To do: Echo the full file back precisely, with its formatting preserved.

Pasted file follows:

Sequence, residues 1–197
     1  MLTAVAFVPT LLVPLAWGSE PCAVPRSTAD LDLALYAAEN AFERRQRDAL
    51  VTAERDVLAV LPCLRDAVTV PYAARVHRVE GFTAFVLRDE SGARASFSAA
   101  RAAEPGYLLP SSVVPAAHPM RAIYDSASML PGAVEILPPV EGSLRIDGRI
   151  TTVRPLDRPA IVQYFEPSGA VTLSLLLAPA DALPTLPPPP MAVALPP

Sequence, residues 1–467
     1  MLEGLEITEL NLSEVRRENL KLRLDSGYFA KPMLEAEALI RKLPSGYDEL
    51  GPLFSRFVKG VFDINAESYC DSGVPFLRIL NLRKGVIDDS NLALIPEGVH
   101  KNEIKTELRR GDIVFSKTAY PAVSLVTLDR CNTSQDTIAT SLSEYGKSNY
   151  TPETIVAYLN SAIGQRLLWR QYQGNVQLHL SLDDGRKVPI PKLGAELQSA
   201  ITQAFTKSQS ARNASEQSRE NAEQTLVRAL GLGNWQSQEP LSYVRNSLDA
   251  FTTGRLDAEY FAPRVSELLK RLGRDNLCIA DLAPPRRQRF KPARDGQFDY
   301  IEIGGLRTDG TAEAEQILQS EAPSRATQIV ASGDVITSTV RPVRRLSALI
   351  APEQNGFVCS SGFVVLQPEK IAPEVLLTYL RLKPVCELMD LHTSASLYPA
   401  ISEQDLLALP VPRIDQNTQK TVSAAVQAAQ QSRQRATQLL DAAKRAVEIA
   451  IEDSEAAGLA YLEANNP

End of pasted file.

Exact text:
Sequence, residues 1–197
     1  MLTAVAFVPT LLVPLAWGSE PCAVPRSTAD LDLALYAAEN AFERRQRDAL
    51  VTAERDVLAV LPCLRDAVTV PYAARVHRVE GFTAFVLRDE SGARASFSAA
   101  RAAEPGYLLP SSVVPAAHPM RAIYDSASML PGAVEILPPV EGSLRIDGRI
   151  TTVRPLDRPA IVQYFEPSGA VTLSLLLAPA DALPTLPPPP MAVALPP

Sequence, residues 1–467
     1  MLEGLEITEL NLSEVRRENL KLRLDSGYFA KPMLEAEALI RKLPSGYDEL
    51  GPLFSRFVKG VFDINAESYC DSGVPFLRIL NLRKGVIDDS NLALIPEGVH
   101  KNEIKTELRR GDIVFSKTAY PAVSLVTLDR CNTSQDTIAT SLSEYGKSNY
   151  TPETIVAYLN SAIGQRLLWR QYQGNVQLHL SLDDGRKVPI PKLGAELQSA
   201  ITQAFTKSQS ARNASEQSRE NAEQTLVRAL GLGNWQSQEP LSYVRNSLDA
   251  FTTGRLDAEY FAPRVSELLK RLGRDNLCIA DLAPPRRQRF KPARDGQFDY
   301  IEIGGLRTDG TAEAEQILQS EAPSRATQIV ASGDVITSTV RPVRRLSALI
   351  APEQNGFVCS SGFVVLQPEK IAPEVLLTYL RLKPVCELMD LHTSASLYPA
   401  ISEQDLLALP VPRIDQNTQK TVSAAVQAAQ QSRQRATQLL DAAKRAVEIA
   451  IEDSEAAGLA YLEANNP